In a third-person account of a moment in Adam's childhood, Adam remembers a threatening dog blocking his path when he was with his father. Adam looked up at this moment and felt as though his father were a stranger, instead of the respectable insurance agent who loved his family and loved reading. They headed to the library via the woods, an odd route for them to take. Adam's father leads Adam away from the library and further into the woods, looking backward as if running away from someone, until they discover a dog. His father tells Adam to carefully walk away from the dog, while he stays to face the animal. Adam wants to stay with his father, but, terrified, walks away. Before he gets too far, the dog attacks his father. His father yells at Adam to run away, but Adam is paralyzed by fear. His father fends the dog off with tree branches until it runs away. Adam hugs his father with all his love.
In the remaining dialogue of Tape OZK004, Brint asks Adam if this is a clue, and Adam says he thinks so. He adds that he and his father did not tell his mother why they went into the woods, that it was a secret, and that after all the commotion died down his father required a shot at the hospital from being bitten by the dog. Adam realizes that he cannot even remember what made his father flee into the woods.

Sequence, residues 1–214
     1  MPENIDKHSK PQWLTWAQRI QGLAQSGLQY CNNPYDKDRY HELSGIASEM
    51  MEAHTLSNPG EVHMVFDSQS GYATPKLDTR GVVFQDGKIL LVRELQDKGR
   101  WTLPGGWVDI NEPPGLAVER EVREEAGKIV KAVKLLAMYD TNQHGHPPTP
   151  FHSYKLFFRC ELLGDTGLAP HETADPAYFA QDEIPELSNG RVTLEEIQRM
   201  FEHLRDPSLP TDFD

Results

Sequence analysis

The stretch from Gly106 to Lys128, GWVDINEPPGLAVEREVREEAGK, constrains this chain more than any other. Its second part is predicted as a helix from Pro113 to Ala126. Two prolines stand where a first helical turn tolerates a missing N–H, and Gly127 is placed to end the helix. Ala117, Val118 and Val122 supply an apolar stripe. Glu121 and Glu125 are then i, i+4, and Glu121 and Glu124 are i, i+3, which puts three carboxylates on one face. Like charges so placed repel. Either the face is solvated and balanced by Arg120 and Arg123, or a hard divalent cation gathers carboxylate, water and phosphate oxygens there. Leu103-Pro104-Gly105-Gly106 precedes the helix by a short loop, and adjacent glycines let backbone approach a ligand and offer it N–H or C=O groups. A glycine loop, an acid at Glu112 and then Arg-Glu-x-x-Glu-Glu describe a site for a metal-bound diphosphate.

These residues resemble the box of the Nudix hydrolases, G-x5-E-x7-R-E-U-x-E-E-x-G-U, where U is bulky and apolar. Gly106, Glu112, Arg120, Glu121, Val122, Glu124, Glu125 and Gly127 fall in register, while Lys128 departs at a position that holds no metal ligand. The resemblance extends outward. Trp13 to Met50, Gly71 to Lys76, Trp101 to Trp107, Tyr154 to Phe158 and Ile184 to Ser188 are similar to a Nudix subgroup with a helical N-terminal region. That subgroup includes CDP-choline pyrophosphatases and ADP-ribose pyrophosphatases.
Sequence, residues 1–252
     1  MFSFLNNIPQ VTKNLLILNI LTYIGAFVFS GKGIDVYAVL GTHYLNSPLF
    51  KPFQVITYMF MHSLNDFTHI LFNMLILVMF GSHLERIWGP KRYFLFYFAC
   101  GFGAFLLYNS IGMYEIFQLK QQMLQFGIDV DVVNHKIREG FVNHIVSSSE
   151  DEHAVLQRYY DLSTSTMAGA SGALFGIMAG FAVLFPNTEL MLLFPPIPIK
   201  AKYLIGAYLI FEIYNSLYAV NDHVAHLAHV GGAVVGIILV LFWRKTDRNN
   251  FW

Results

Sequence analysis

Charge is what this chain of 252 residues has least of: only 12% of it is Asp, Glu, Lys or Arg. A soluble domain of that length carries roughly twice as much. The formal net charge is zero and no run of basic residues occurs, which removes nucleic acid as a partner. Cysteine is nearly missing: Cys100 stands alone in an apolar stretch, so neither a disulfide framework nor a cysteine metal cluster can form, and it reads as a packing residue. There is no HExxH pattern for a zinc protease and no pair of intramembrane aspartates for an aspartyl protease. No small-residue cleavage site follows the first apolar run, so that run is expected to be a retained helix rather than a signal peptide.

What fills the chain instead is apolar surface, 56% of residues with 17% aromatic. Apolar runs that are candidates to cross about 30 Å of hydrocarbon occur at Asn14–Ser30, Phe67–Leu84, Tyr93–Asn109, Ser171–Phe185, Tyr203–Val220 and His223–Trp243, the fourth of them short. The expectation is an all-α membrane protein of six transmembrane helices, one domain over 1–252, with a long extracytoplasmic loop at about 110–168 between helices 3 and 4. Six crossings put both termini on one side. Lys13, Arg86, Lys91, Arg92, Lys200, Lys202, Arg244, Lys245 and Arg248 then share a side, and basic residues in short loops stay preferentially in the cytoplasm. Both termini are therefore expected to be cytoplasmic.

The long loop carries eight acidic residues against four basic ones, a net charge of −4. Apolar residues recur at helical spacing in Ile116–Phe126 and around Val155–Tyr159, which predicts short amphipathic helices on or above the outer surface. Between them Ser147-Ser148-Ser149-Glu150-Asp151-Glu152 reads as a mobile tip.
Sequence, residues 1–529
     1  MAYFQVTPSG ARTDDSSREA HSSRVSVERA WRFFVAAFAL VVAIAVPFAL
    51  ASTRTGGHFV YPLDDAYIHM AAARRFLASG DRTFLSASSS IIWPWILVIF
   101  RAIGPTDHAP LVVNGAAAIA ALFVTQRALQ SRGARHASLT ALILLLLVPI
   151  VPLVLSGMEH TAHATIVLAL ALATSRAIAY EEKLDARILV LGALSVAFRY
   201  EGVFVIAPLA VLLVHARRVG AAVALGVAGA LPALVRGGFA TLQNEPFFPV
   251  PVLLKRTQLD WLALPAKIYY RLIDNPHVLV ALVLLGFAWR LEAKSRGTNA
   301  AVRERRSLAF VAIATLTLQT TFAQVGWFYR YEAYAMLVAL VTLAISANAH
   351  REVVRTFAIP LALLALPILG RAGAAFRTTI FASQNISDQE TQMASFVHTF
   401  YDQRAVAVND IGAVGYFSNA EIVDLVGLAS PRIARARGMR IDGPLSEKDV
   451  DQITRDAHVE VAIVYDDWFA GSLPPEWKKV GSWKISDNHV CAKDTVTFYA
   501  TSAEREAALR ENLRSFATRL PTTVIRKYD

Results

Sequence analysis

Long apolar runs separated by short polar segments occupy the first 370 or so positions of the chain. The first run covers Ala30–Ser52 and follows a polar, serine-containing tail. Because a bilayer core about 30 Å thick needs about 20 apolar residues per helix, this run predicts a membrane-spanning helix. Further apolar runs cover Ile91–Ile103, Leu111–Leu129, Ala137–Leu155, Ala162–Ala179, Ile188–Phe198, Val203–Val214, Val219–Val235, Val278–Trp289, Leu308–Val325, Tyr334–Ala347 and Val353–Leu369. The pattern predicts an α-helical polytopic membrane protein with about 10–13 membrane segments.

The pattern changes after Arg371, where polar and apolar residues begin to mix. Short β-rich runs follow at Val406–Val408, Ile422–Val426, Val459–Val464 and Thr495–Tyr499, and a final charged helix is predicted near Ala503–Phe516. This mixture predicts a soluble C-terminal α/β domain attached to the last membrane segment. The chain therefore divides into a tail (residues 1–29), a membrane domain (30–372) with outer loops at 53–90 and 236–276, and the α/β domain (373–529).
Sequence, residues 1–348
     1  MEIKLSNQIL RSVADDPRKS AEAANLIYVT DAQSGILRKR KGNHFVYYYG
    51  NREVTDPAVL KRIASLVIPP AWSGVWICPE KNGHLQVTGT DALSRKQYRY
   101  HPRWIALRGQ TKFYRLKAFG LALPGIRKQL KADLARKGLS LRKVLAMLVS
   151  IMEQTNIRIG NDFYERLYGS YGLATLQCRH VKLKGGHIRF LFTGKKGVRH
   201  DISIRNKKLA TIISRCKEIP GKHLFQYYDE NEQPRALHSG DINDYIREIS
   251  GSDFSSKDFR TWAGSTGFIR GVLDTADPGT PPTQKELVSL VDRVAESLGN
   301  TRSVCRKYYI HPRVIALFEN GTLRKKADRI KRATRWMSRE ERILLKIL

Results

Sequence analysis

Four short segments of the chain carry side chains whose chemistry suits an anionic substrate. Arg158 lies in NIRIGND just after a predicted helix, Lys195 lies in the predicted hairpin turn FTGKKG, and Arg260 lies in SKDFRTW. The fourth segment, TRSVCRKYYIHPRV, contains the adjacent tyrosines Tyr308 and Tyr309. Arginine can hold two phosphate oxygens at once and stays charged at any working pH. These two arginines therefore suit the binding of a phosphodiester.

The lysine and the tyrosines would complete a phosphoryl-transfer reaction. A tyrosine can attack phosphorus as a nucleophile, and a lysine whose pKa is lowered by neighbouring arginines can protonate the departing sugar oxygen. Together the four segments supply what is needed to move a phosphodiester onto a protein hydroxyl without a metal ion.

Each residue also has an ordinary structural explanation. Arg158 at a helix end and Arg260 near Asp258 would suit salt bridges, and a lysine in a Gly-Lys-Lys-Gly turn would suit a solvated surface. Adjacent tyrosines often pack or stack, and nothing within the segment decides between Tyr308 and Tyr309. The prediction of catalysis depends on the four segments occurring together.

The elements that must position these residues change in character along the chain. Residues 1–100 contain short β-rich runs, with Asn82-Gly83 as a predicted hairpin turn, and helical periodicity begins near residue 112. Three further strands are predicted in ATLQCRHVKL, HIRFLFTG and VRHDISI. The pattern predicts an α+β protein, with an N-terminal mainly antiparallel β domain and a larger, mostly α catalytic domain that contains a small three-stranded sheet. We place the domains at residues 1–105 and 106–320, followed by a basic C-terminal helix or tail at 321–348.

The mysterious "clues" connect the three different narrative parts and the three different places they refer to. For example, Adam has a fear of dogs and a specific German shepherd. The image of the dog links the three places: Adam's memories of his father and his fight with a dog, the dog at the place where Adam and Brink have their taped sessions, and the bike route that Adam travels in his journey to Rutterburg.
Cormier introduces new questions, such as the identity of Paul Delmonte and why Adam refuses to discuss him. Cormier also develops repetition in the details of the mystery that is slowly building. For example, Adam's flight with his father from the dog is the second flight, the first being their sudden bus trip to a new town. Cormier also connects the idea of flight to Adam's pleasurable sensation of being outside of himself. Note that Adam's sensation of being outside himself makes him paradoxically more aware of his own memories. Moreover, his pleasurable feeling suggests that Adam enjoys identity alteration. Adam constantly dons a disguise to enter places without revealing his true identity. Similarly, in Adam's conversations with Brint, he reveals a dual desire to remain invisible while also revealing his invisible identity. Perhaps this is why Adam loves the wind so much—it is an invisible agent that is at once everywhere and nowhere. Brint himself continues to be evasive about certain matters, even refusing to answer whether or not he is a doctor, and it is unclear whether he is actually "guiding" Adam or trying to control Adam's memory recovery.
There is also something vaguely sinister about the song "The Farmer in the Dell" and the way Adam's father forces it upon the family. Still, it pleases the family, and the song seems to be about a happy, connected family, as indicated by lines like "The farmer takes a wife" and "The wife takes the child."